With a recent grant from The Andrew Mellon Foundation (see press release) over the next 18 months, we will be focusing our efforts on mapping out the range of infrastructure that comprises the system of scholarly communication, and surveying colleges and universities to understand their current investment practices in this infrastructure.


Katherine Skinner, Educopia Institute
David Lewis, IUPUI (Emeritus)
Mike Roy, Middlebury College


Our Scholarly Commons Advisory Committee helps us in the following ways: 

  • Provide input and feedback on the definition of infrastructure
  • Identify  infrastructure providers to include in our census
  • Provide input and feedback on our case studies, including identifying promises projects to study
  • Provide input and feedback on design of our campus survey
  • Identify networks of schools to recruit to participate in survey, and encouraging participation
  • Provide input and feedback on the identification of an institutional home for the project
  • Assist with outreach and communication to various scholarly communication networks

They are:

John Dove, Independent consultant
Greg Eow, Center for Research Libraries
Kathleen Fitzpatrick, Michigan State University
Rachel Frick, OCLC
Mike Furlough, HathiTrust
Robert Miller, Lyrasis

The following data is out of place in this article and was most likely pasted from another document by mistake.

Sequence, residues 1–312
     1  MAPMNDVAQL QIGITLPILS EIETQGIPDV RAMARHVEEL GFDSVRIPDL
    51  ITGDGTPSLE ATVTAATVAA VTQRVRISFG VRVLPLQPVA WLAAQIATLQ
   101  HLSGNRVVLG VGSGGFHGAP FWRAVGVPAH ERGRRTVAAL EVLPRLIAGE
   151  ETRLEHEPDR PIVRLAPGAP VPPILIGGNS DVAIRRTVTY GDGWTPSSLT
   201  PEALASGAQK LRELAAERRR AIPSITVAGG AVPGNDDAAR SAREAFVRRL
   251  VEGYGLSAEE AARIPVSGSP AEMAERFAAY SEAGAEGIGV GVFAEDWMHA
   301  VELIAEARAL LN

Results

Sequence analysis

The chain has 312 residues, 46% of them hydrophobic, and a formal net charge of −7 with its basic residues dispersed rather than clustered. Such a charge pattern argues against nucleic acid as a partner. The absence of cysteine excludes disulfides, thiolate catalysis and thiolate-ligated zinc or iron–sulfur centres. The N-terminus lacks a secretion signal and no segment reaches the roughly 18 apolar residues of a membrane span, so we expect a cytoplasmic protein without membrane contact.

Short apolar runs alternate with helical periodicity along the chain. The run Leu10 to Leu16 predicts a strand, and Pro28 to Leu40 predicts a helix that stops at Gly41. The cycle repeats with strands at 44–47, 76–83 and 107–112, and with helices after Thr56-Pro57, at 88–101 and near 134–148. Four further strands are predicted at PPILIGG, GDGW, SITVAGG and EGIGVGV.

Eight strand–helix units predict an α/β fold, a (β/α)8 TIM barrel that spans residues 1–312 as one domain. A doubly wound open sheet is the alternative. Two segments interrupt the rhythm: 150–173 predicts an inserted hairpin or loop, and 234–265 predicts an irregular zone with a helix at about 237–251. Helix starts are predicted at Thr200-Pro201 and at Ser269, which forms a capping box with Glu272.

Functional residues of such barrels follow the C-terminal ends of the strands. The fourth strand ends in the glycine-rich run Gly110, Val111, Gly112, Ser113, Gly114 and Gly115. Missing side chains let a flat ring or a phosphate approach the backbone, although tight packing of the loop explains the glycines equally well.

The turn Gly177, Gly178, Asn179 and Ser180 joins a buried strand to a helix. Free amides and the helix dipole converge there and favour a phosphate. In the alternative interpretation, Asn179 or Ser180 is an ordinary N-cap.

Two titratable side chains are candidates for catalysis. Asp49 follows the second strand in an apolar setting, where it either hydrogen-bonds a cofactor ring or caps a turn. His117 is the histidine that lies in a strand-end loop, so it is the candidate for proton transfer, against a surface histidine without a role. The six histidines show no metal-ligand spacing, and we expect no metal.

Heather Piwowar, Impactstory
Vanessa Proudman, SCOSS/ SPARC Europe
Judy Ruttenberg, Association of Research Libraries
Roger Schonfeld, Ithaka S+R
Brian Schottlaender, re:work library consulting
Yasmeen Shorish,  James Madison University
Kevin Stranack, Public Knowledge Project/Simon Fraser University
Greg Tananbaum, SPARC
Kaitlin Thaney, Invest in Open Infrastructure
Dan Whaley, Hypothesis & JROST

Brief History

This all got started when David Lewis declared as something of a thought experiment that all libraries should contribute at least 2.5% of their budgets to create an open scholarly commons. The original idea is in his article “The 2.5% Commitment“. From there, a small group of us thought the idea important enough to explore what it might look like in the real world, including taking on the task of defining what would count as a valid investment in Open, and creating a tool to allow colleges and universities to record over time how their investments in Open have changed.

We are part of the Invest in Open Infrastructure initiative.